Tea output seen declining in 2023


Tea production is expected to decline by seven percent to 47 million kilogrammes (kg) this year from 51 million kg produced last season, the Tea Research Foundation (TRF) has said.

The projected drop is attributed to change in weather patterns and a slump in international market demand.

TRF Chief Executive Officer Tonda Chinangwa has since called on stakeholders to work towards increasing the production base while using new and high yielding varieties.


He was speaking on Tuesday in Mulanje District when the firm oriented estate managers and smallholder farmers on new technologies and tea varieties TRF is developing.

“If the demand increases, we could be able to produce more. The other factor is land, at the moment land for producing tea is limited.

“We are competing with other crops such as macadamia. Therefore, we do not have land that we can continue to expand,” Chinangwa said.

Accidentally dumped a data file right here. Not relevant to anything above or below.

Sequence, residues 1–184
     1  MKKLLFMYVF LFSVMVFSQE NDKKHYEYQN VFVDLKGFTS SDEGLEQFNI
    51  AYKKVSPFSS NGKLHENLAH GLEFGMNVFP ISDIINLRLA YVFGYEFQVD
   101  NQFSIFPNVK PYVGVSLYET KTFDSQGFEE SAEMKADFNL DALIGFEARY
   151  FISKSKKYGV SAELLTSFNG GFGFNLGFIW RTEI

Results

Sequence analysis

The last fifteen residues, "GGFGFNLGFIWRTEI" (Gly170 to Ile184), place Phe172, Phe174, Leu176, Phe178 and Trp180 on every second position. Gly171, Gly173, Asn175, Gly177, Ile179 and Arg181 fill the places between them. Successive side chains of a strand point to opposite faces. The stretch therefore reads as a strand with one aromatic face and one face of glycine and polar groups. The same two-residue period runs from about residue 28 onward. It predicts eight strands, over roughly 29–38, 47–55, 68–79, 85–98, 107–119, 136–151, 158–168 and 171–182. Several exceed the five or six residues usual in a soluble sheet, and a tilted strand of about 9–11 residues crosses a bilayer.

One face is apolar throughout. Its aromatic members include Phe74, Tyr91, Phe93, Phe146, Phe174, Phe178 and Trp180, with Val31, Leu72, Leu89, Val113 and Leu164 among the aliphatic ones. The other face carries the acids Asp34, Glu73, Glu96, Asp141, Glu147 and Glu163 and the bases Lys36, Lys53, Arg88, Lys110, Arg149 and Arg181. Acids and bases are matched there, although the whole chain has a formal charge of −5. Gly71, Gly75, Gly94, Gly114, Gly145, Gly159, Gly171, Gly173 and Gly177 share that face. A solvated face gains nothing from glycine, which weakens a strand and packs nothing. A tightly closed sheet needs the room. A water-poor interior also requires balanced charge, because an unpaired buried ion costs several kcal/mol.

A worker at Eastern Produce Malawi Salani John Njaya said the tea industry continues to face a number of challenges including high cost of inputs.

“The cost of fertilizer, especially this season, has rocketed. Also climate change has equally affected production,” Njaya said.

Malawi is the second-largest tea producer in Africa and is home to the oldest tea plantations on the continent.

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